Brian Wilson: Scotland set to miss out on renewable revolution – again

Hagshaw Hill in Lanarkshire became Scotland's first windfarm in 1996 (Picture: Allan Milligan)
Hagshaw Hill in Lanarkshire became Scotland's first windfarm in 1996 (Picture: Allan Milligan)
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Failure to turn vast sums of UK consumer susbsidies for onshore windfarms into a substantial Scottish industry was a disaster over the past decade or so.

Now something worse is happening. In spite of many years’ notice, the same thing is happening with offshore wind, which had even greater potential due to the huge scale of the projects.

The Moray Firth East windfarm’s French owners have delegated procurement to the Belgian firm, GeoSea, which awarded half the main contract to a state-dependent outfit in the UAE and look set to give the rest to another Belgian partner, Smulders.

READ MORE: Sam Gardner: Scotland has limitless amounts of renewable energy

BiFab in Fife are still fighting for crumbs from a £2.6 billion project. The Arnish yard in Lewis – which benefited from public investment long ago – will reopen with 60 jobs which serves to confirm the scale of what is being missed out on elsewhere.

BiFab was taken over last year by the Candian firm, DF Barnes, who were assured of Scottish Government support to win offshore wind orders for Methil and Burntisland. They are now frustrated and disappointed by the failure to deliver.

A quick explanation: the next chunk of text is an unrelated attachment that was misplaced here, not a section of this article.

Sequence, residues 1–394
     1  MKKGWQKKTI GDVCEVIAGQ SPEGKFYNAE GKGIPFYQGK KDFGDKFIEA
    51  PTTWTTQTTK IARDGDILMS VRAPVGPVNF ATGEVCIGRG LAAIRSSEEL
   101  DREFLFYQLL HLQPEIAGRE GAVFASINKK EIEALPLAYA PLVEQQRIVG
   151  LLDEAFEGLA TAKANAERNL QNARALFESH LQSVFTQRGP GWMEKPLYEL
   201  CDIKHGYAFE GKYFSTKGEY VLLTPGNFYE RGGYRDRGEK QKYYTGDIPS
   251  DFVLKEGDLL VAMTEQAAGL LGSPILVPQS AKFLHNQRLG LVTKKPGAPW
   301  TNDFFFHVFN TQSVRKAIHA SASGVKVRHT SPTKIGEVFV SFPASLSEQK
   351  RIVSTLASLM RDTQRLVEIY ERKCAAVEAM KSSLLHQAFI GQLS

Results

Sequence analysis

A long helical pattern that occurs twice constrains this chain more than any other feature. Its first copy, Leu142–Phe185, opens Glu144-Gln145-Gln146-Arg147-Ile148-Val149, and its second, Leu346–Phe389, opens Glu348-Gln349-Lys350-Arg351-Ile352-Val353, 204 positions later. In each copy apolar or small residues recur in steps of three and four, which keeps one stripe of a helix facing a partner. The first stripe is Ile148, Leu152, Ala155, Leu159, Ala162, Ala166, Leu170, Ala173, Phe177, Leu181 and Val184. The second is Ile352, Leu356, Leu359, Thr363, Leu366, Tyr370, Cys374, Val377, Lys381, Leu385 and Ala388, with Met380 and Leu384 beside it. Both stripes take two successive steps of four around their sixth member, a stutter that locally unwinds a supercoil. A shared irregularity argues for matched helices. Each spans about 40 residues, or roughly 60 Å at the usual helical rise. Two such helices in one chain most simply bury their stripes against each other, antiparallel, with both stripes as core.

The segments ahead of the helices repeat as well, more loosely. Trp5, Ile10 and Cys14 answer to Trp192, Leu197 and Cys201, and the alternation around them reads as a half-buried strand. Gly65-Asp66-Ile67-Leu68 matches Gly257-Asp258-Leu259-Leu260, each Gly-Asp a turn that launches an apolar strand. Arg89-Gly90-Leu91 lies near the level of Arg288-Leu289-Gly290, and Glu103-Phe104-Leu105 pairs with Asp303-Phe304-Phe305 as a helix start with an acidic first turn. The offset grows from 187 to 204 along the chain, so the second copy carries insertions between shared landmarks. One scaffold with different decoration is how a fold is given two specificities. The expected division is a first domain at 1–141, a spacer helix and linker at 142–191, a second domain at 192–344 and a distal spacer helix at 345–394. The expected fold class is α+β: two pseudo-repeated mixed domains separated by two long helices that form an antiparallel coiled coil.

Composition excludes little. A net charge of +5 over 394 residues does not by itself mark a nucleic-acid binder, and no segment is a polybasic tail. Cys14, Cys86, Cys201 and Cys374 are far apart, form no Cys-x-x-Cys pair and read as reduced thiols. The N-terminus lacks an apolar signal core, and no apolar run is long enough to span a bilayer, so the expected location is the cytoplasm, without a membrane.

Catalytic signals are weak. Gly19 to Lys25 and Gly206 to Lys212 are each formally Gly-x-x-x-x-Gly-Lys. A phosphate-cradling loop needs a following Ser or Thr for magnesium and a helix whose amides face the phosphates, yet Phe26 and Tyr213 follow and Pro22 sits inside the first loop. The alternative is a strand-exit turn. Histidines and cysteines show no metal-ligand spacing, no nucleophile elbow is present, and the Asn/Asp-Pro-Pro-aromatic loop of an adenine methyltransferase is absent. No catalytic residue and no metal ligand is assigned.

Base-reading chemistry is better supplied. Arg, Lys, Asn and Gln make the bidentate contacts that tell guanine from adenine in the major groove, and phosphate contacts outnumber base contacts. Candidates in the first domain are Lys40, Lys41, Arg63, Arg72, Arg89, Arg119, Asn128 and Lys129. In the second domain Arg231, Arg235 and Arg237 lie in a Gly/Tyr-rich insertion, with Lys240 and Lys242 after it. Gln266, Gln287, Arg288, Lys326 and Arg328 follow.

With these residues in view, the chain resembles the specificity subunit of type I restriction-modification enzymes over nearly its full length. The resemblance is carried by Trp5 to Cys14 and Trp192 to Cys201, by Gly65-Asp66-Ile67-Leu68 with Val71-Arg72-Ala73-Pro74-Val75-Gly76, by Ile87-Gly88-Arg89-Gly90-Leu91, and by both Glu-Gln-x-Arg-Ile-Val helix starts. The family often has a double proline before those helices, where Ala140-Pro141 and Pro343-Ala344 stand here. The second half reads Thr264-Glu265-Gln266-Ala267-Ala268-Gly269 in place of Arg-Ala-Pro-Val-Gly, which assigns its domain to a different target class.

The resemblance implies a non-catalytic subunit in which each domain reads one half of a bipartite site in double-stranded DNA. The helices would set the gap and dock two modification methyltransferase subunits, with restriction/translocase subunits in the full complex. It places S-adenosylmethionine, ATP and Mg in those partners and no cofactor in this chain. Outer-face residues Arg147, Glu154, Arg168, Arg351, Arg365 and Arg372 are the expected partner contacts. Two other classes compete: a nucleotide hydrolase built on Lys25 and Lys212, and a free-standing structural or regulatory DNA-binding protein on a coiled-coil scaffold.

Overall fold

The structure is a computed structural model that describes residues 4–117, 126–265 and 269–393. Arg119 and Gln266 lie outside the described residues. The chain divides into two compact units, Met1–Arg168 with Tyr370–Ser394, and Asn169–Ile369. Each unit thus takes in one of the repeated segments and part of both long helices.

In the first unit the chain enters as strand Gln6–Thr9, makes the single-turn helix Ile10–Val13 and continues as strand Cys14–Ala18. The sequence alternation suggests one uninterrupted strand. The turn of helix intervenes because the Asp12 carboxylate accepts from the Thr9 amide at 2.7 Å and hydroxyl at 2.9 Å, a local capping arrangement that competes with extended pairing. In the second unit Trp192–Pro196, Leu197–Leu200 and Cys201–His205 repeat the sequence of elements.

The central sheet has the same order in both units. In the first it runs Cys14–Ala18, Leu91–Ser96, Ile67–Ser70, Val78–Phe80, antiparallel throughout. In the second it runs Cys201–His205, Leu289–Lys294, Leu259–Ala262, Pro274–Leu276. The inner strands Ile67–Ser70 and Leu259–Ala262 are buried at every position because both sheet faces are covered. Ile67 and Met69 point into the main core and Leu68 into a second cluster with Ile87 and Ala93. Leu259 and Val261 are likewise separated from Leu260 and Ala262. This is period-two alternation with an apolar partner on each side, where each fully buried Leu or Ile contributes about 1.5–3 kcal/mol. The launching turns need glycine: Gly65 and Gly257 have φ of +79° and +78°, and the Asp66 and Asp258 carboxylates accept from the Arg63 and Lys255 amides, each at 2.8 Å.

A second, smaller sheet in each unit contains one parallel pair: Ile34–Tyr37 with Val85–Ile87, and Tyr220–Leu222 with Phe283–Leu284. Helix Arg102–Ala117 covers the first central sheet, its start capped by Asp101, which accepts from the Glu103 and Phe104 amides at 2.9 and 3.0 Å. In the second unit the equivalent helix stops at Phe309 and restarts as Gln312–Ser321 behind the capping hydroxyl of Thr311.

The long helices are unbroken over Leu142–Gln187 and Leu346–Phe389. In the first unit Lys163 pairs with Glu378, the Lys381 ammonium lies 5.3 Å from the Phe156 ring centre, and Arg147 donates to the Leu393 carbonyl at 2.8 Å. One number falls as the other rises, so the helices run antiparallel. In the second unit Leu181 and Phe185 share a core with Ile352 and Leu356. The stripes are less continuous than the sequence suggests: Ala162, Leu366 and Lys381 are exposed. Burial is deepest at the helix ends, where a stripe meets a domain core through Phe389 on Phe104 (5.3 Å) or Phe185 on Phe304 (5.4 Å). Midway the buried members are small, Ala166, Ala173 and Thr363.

Meanwhile, a major order for the Spanish-owned Kincardine offshore windfarm has gone to a state-subsidised Spanish yard. Again, Scotland is left to fight for the crumbs.

As one union leader observed: “All Salmond’s piss and wind about the Saudi Arabia of renewables hasn’t created a single job.” There needs to be an urgent inquest into why this has happened – again – and how much can be salvaged.

READ MORE: Project will look at floating wind farms boosting Scottish economy

Incidentally, those who can see no wrong in the EU might consider the role its procurement rules have played in this whole debacle. On current projections, Scotland might get five per cent of the available work – if we’re lucky.